Your name on the registry could also affect your employment. People who work with children risk losing their jobs if their employers fear or dislike the optics of having an alleged child abuser on staff. If you are in the U.S. on a work-based visa, the loss of your job could threaten your ability to live in the U.S. Moreover, as the allegations are likely to surface in a background check when searching for a job, you might also have difficulties finding new employment, which could further complicate your immigration status.
The ChildLine registry could also bar you from specific educational opportunities, especially if you intend to work with or in close proximity to children. You may not be eligible for certain scholarships, career programs, or internships.
What Are Possible Defenses of a ChildLine Accusation?
You may be able to raise one or multiple defenses to a ChildLine child abuse allegation. For example, as an immigrant or non-U.S. citizen, you may be able to argue that cultural differences led to a misunderstanding about your treatment of your child. Many immigrants and non-U.S. citizens have different cultural parenting norms than U.S. citizens. While the circumstances vary from case to case, depending on the behavior at issue, your lawyer might be able to mount a cultural defense.
In some cases, you might be able to show that the child's injuries aren't a result of child abuse. You may also be able to argue that someone falsely accused you of abuse or that there is no evidence to support the allegations. You will need to speak to an attorney to explore the full range of possible defense options and those that would be best for your situation.
Can I Leave the Country While a ChildLine Investigation is Pending?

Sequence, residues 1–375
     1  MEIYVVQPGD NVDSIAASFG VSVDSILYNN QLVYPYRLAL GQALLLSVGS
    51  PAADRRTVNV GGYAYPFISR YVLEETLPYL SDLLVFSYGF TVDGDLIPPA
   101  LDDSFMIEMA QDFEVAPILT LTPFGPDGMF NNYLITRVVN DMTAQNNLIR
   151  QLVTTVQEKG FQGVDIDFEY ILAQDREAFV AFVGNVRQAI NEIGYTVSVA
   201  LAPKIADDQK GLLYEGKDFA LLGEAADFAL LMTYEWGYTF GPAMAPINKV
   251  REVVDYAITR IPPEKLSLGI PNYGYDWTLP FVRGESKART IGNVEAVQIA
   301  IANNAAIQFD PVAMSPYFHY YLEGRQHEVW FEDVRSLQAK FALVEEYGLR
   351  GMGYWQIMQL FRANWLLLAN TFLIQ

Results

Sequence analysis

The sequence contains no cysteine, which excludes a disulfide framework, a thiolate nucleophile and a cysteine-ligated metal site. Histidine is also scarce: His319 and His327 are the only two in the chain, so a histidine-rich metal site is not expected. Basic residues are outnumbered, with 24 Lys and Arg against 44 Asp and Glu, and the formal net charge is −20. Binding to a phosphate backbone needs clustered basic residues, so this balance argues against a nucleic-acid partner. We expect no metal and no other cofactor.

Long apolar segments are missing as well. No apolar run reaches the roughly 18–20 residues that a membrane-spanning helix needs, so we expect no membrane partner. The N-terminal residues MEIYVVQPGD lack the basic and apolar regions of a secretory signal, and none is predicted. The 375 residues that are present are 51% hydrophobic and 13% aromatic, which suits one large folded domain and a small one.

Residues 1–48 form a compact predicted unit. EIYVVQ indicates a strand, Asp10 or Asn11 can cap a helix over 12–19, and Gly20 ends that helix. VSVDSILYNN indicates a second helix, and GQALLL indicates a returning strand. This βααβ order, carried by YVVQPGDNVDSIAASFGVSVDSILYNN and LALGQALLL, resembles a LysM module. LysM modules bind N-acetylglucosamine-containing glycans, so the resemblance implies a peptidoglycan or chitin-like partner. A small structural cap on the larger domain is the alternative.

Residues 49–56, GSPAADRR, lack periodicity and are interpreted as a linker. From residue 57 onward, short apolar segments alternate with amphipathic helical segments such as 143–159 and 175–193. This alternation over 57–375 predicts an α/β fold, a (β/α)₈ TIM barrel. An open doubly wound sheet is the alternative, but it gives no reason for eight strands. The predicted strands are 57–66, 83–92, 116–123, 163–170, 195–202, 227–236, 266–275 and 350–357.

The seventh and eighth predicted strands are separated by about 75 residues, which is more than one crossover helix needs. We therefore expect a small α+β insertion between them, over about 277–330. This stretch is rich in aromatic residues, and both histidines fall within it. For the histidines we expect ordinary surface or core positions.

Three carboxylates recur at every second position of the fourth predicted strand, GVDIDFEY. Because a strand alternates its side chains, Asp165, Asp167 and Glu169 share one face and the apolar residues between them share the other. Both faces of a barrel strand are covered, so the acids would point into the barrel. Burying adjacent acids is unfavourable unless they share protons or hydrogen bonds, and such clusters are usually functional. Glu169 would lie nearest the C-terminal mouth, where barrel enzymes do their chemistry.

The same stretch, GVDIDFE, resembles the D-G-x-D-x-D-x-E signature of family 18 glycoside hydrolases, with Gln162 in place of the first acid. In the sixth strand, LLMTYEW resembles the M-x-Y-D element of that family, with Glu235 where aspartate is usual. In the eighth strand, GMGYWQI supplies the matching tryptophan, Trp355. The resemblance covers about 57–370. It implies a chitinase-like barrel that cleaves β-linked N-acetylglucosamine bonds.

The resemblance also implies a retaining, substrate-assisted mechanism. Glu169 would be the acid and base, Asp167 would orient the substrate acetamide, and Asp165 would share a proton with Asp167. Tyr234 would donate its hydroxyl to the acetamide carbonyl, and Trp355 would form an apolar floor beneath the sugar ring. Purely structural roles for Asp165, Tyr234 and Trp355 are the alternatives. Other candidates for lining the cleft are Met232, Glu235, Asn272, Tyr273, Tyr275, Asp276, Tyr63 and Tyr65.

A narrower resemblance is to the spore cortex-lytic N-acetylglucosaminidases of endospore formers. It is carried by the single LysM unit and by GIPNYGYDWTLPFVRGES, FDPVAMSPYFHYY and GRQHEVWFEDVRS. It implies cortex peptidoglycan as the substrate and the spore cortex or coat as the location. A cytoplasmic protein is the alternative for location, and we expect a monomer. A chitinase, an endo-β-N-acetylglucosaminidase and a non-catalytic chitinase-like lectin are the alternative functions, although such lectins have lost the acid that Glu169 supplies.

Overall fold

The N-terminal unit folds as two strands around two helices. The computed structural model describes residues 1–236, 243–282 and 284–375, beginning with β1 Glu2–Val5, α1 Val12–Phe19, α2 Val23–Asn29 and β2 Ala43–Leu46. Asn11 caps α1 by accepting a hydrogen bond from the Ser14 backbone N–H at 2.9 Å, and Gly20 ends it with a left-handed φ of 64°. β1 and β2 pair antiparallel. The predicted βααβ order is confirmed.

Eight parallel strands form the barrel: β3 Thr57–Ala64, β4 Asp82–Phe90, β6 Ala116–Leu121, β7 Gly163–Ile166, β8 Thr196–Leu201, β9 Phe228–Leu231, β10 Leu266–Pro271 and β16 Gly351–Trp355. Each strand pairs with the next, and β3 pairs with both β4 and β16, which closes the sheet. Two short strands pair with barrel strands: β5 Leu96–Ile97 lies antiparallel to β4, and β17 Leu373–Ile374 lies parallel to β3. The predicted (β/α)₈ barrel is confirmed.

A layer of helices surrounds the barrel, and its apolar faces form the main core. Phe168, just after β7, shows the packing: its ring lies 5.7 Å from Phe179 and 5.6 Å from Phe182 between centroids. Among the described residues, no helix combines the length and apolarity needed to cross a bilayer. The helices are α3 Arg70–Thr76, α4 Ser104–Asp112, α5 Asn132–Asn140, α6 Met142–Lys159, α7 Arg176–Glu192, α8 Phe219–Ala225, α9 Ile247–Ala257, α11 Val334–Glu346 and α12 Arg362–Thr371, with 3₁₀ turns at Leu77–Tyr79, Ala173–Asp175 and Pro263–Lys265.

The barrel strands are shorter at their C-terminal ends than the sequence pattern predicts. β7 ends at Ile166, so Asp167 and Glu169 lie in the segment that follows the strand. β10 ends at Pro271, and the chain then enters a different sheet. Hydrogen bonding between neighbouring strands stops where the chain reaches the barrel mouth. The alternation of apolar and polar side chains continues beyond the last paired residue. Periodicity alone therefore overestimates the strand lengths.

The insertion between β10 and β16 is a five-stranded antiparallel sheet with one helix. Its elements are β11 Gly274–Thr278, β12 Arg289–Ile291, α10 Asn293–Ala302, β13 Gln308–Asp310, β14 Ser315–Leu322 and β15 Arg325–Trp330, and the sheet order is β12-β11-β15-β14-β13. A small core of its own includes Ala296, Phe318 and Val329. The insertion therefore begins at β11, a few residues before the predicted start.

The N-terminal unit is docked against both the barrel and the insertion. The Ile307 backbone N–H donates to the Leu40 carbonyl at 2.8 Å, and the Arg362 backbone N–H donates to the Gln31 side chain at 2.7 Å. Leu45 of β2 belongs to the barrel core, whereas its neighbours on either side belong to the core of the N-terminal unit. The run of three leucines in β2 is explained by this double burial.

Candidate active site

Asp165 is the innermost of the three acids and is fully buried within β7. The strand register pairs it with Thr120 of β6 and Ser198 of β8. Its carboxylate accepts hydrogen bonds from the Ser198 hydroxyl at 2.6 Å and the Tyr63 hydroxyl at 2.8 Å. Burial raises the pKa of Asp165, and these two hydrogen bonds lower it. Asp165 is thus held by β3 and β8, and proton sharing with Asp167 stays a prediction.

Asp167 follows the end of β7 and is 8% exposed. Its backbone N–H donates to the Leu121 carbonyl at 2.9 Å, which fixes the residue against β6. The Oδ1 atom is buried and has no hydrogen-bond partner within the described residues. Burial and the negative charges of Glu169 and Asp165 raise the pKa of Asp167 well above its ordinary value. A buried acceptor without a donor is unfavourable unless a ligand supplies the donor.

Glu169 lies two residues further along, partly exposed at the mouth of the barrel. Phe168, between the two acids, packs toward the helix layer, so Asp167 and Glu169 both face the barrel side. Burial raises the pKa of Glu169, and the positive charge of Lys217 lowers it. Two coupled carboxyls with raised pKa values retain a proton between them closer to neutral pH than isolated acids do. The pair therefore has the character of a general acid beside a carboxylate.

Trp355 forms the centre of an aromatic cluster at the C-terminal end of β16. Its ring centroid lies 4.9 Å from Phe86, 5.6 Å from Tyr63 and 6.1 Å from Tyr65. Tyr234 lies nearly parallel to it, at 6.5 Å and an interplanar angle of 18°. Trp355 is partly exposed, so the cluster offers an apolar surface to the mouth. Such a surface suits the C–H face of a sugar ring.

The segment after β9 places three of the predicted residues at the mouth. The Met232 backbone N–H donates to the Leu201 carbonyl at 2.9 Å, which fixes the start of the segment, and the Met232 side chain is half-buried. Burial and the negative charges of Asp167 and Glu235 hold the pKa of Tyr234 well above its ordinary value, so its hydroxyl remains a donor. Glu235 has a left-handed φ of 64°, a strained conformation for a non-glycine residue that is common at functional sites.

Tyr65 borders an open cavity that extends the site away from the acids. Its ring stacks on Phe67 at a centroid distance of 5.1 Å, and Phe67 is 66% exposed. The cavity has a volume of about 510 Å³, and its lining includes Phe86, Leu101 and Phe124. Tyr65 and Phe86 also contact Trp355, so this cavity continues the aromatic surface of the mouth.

No law prevents you from leaving the country if a ChildLine investigation is underway unless criminal charges are being filed against you. However, you should speak to an attorney before leaving the country to ensure that you will not complicate your case or have difficulties re-entering the country. You should not leave the country if you are undocumented, at high risk of deportation, or have committed a crime that might bar you from re-entering the U.S.
What Should I Do if I've Been "ChildLined"?
If ChildLine or any Pennsylvania social services agency is investigating you for child abuse, neglect, or other misconduct, you should contact a Pennsylvania ChildLine lawyer immediately. When a lawyer represents you early in the investigation process, you have more assurance that your rights will be protected, and your voice will be heard. A lawyer experienced in such investigations may be able to help clear up misunderstandings and help you avoid being placed on the ChildLine registry, which would help keep your immigration status secure.
It's even more essential to hire an attorney if you have already been named on the ChildLine registry. A good lawyer is critical for appealing the decision and getting your name removed.
The removal process is called an expunction. You must submit a request for an expunction within 90 days of receiving the notice of your status on the registry. If you meet the deadline, you'll have the opportunity to tell your side of the story at an administrative hearing and ask them to remove your name. Courts grant an expunction to the vast majority of people with an "indicated" status. However, the expunction process is notoriously complex. You will need the assistance of an experienced ChildLine lawyer to avoid mistakes and boost your chance of success.
If you miss the deadline, you also miss your chance for expunction or appeal, and your name will remain on the registry indefinitely. For this reason, it's absolutely urgent to hire a lawyer like Joseph Lento and his Family Law Team as early as possible in the investigation process or after you receive notice of your status to avoid any blowback on your immigration status.
Attorney Joseph D. Lento Can Help with ChildLine Investigations
If you are an immigrant or non-U.S. citizen facing a child abuse investigation or your name has been added to the ChildLine registry, Joseph D. Lento is ready to fight for your rights. Attorney Lento understands the frustrations and complexities of the ChildLine system. He will help ensure that your story gets heard by the right people and that you are treated fairly. Contact the Law Offices of Joseph D. Lento today to find out how we can help. Call 888.535.3686 or contact us online. We're ready to fight for your family and your future in the U.S.